Active labor market policies, combined with income support and auxiliary services, can help reduce frictional unemployment while developing human capital.

Mine closures may also have a greater impact on women facing increased domestic responsibilities and the potential for gender-based violence. The chances of a drastic change in household dynamics is higher as unemployed family members migrate in search of work.

3) Coal commissions and coal mine closure agencies. A coal commission or coal mine closure agency is critical for setting deadlines to phase out coal, while overseeing the complex transition to a low-carbon economy.

In 2018, Germany established a Coal Commission with wide representation from stakeholders in the community. The commission devised a strategy on ethically phasing out coal-fired power plants by 2038, including targeted assistance to coal-dependent regions and the industry’s 32,800 workers.

France’s Mine Closure Agency backed its coal phase-out strategy with adequate funding to develop alternative industries and enhance infrastructure in areas where coal employment is being lost, while providing compensation (pension, employment and requalification programs) for displaced people and coal companies.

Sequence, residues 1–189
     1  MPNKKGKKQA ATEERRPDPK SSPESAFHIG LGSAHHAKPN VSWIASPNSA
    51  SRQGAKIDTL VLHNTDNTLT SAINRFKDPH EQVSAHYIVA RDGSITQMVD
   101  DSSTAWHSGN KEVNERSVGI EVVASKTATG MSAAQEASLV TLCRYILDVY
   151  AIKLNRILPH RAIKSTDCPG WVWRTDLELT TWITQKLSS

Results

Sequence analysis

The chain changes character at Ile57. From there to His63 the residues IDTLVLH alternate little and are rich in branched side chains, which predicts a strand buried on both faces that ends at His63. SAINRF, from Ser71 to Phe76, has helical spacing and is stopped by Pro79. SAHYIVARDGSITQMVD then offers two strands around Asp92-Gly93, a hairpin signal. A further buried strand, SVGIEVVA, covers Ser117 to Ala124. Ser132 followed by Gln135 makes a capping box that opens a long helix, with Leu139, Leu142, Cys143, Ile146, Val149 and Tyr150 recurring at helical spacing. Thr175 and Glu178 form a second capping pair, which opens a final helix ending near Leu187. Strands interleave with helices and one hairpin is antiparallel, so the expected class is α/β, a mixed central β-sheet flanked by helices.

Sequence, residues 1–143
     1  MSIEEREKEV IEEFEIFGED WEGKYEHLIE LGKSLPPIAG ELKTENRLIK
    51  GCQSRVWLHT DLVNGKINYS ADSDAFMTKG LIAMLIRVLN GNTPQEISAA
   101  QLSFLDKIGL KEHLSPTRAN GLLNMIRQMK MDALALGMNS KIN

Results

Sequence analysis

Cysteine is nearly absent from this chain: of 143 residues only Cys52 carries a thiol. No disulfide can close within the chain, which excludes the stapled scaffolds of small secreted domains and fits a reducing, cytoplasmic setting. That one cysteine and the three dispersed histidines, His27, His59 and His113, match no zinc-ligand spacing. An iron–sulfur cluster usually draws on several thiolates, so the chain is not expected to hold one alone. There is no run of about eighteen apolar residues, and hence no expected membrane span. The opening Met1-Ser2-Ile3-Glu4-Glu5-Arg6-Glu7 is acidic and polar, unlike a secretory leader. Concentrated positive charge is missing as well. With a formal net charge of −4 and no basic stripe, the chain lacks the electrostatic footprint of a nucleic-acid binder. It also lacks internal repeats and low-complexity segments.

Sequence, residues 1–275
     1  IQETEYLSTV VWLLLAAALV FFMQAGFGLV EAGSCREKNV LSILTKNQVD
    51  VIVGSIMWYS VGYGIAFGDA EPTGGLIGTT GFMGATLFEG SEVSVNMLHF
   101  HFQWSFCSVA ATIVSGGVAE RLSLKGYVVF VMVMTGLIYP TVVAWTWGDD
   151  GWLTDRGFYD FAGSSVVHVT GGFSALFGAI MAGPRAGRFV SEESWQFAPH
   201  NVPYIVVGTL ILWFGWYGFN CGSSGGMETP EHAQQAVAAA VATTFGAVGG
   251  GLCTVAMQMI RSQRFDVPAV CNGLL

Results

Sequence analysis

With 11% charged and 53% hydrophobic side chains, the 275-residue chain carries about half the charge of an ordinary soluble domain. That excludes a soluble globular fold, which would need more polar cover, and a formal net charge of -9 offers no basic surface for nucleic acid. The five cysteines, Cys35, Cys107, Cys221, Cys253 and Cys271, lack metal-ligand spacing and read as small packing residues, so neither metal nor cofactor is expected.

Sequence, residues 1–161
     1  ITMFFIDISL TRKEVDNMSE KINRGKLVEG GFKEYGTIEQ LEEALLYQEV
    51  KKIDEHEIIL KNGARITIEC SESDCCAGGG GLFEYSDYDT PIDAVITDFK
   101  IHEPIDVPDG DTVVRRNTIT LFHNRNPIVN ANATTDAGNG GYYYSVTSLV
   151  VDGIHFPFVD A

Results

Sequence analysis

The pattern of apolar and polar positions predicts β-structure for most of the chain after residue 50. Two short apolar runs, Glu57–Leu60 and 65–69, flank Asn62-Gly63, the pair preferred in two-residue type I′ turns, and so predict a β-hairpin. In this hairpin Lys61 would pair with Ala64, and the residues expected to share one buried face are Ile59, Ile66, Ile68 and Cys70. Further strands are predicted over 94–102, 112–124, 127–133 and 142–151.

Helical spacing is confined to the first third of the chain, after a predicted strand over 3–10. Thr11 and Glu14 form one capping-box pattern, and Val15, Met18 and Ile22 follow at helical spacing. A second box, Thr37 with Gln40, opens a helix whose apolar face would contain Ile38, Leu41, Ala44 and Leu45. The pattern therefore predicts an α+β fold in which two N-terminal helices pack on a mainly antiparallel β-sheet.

4) Laws that support the transition. Legislation is a powerful tool to decrease coal production and consumption. New and specific legislation can initiate the search for cheaper and sustainable energy alternatives, as well as supporting technology, in the transition process.

Laws are also necessary to oversee mediation among affected stakeholders, re-examine land use management and redirect regional development.

The People’s Republic of China, for example, developed an Action Plan for the Prevention and Control of Air Pollution that supported greener energy sources. The country promoted new activities to replace coal as a source of livelihood while also introducing geothermal and natural gas as energy alternatives.

The mine closures may have been abrupt in the PRC, but the government caught up with legislation that supported laid-off workers. This eventually led to a wider acceptance of mine closures.

Asia and the Pacific is at the threshold of an energy transition process, whether the region is prepared or not.

For many countries, commitments to international agreements were key in accelerating the rejection of coal and a broad acceptance of alternative energy sources.

Beyond political will and pressure however, effective transition also requires planning, wide-ranging policy reforms (including multi-structural social protection) and progress on renewable energy technology, to move forward.

With careful planning, a smooth and successful transition is possible.

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Aimee Hampel-Milagrosa

Economist, Asian Development Bank